Keeping cool during extreme heat

To fix a cooling problem in for example electronic devices, we have experimented with a carpet of nano-wires. Guess what, it works.

This is a blog post. The opinions expressed here are those of the author.

Written by
a man
Damiano Auliano PhD Candidate
a man
Manuel Auliano PhD Candidate

There are situations where even when you spray a very hot surface with water to cool it, it will not work. This extremely hot situation can occur inside small systems like electronic devices or even large systems like power plants. The droplets are simply not able to land on the hot surface.

When the droplet touches the surface it instantly begins to evaporate, creating a vapor cushion below it. This vapor cushion prevents the droplet to get in contact with the surface, and thus prevents it from removing the heat.

The phenomenon was observed 260 years ago by Dr. Johann Gottlab Leidenfrost and is therefore called the Leidenfrost effect. However, the physics of the process remains elusive.

In our recent research article we show that if we add a pattern of nano-wires to the surface, the liquid spreads on the surface and the Leidenfrost temperature can be increased almost 100oC. Why is this good? The droplets can cool down the electronics at higher temperatures, that’s why.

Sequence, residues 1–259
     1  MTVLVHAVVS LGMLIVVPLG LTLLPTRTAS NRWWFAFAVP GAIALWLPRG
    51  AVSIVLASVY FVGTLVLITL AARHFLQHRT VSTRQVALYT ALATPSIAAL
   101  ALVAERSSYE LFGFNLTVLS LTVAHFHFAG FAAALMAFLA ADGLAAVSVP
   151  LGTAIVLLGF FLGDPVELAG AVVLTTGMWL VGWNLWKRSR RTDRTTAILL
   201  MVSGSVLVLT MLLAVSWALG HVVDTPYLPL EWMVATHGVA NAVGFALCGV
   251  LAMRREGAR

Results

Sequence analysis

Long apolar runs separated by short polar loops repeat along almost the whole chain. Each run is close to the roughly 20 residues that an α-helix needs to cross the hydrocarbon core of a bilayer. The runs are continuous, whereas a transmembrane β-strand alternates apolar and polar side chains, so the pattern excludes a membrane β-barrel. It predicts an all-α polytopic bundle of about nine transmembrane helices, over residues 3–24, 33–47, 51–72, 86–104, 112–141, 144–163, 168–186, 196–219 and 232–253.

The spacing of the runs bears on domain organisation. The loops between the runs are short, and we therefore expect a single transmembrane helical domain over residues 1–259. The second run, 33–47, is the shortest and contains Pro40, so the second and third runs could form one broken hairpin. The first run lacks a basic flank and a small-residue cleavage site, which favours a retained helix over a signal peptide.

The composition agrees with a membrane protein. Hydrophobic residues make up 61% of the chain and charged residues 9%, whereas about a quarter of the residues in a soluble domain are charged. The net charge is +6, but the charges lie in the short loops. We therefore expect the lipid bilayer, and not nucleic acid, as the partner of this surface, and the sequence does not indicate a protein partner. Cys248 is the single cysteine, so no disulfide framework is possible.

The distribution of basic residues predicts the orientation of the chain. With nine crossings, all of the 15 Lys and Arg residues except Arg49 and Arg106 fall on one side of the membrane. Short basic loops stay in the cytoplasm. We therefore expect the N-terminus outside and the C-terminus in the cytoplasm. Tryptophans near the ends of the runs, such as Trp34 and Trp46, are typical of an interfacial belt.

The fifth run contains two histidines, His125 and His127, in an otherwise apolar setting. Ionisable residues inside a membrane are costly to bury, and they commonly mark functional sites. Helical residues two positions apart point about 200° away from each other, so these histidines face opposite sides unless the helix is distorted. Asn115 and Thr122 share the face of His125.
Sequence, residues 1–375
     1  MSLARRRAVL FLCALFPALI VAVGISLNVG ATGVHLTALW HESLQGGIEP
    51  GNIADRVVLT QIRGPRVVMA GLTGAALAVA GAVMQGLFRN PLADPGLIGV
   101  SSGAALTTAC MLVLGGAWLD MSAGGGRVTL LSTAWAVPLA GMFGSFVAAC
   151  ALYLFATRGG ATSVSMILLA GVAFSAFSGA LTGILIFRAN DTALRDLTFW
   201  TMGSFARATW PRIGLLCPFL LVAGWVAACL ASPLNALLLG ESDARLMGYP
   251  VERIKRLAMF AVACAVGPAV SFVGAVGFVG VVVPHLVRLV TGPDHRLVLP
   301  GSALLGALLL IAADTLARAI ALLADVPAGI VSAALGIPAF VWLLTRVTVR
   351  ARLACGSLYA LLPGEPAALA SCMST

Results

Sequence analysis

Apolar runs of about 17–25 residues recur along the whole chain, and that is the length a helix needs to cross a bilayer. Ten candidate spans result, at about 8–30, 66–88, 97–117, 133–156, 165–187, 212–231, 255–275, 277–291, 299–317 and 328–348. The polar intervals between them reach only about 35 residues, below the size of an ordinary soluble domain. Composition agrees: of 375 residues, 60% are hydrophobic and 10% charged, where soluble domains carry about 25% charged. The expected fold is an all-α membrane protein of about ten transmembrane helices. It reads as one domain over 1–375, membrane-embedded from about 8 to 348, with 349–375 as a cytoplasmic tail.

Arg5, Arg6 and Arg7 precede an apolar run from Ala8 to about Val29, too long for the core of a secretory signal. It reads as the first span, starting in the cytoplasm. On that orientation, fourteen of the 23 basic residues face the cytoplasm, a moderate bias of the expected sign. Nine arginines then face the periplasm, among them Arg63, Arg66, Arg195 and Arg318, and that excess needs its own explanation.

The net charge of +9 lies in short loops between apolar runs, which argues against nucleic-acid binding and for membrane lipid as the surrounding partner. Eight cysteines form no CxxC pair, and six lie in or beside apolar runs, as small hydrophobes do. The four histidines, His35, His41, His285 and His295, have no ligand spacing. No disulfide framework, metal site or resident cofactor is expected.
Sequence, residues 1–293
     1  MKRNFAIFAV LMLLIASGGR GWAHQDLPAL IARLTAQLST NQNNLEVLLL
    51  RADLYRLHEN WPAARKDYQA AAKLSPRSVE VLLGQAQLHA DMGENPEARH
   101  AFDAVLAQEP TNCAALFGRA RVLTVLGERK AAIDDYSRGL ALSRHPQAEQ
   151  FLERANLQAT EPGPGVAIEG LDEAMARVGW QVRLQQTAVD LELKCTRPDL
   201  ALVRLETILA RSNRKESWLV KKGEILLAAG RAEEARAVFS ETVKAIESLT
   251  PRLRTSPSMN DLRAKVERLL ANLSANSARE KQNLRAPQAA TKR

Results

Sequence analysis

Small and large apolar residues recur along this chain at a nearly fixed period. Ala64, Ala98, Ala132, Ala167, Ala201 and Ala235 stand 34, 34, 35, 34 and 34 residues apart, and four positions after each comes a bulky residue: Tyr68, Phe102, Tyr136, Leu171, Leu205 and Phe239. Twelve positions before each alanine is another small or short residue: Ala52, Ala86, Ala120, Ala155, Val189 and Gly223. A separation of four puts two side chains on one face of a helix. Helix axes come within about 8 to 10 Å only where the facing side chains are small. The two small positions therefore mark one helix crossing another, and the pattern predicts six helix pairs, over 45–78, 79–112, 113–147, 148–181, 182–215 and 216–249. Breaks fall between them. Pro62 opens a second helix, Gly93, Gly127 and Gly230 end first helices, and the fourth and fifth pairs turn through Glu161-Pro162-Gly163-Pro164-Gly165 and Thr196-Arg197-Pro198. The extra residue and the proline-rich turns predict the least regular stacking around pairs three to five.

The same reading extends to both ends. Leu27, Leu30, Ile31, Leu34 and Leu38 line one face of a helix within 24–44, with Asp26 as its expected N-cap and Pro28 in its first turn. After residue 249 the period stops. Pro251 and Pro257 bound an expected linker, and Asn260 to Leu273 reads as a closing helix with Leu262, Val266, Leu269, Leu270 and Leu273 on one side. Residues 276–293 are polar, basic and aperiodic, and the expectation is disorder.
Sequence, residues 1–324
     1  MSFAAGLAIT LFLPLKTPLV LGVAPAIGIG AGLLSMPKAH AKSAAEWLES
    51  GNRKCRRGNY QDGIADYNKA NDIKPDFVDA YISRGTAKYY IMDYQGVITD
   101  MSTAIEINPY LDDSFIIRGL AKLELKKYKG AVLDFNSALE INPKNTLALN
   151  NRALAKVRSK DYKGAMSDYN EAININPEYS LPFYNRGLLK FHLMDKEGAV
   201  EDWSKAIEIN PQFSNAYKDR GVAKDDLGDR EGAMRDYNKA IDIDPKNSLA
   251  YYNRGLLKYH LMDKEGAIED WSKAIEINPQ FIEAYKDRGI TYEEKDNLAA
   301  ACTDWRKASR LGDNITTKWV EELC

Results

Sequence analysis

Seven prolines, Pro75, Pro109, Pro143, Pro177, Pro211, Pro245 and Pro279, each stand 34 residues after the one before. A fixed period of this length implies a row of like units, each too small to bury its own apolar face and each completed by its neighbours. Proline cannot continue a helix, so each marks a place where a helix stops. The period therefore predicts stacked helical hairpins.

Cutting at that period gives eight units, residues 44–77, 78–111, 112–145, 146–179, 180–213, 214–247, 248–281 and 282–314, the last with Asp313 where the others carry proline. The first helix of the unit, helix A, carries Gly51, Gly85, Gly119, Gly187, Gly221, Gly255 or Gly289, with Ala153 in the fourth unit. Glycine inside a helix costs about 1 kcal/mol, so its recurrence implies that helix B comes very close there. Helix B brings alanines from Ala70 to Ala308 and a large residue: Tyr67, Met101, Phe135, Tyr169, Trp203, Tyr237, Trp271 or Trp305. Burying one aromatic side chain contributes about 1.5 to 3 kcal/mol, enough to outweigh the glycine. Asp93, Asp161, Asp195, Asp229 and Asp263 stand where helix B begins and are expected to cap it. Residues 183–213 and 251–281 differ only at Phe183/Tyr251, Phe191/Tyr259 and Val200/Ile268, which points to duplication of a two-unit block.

Making a nano-wire carpet

We have modified a surface with nano-wires. To give a comparison: A human hair has a diameter of about 0.1mm. In our case, we have created a kind of hair 500 times smaller on the surface reaching 0.0002 mm (meaning 200 nano metres) and only 0.0003 mm in length.

The nano-wires were made with Silicon in the NTNU Nanolab. When we scan with an electron microscope, the surface looks exactly like a carpet. This structure is obviously not visible to the naked eye! In the illustration, you can see a scanned electron microscope view of the surface with nano-wires (marked with nano measurement units).

Like droplets on a paper towel

We have tirelessly made tests and timelines of evaporation of a water droplet above a hot surface. While a plain surface with no nano-wires shows a Leidenfrost point at a temperature of 210°C, the surface with nano-wires is able to shift the Leidenfrost point of almost 100°C.

This shift is attributed to how the nanowires promote the liquid to spread on the surface, similar to the effect of a droplet touching a paper towel. This implies that the surface with nano-wires can be cooled down at even higher temperatures.

Our research suggests that controlling the liquid spreading on the surface might allow to control the elusive Leidenfrost phenomena. But can we shift the temperature to even higher temperature? This is one of the many questions that bring us to the lab every day.

The details of the study are published in Appl. Phys. Lett. 113, 253703 (2018).


Blog post originally published on on January 22nd, 2019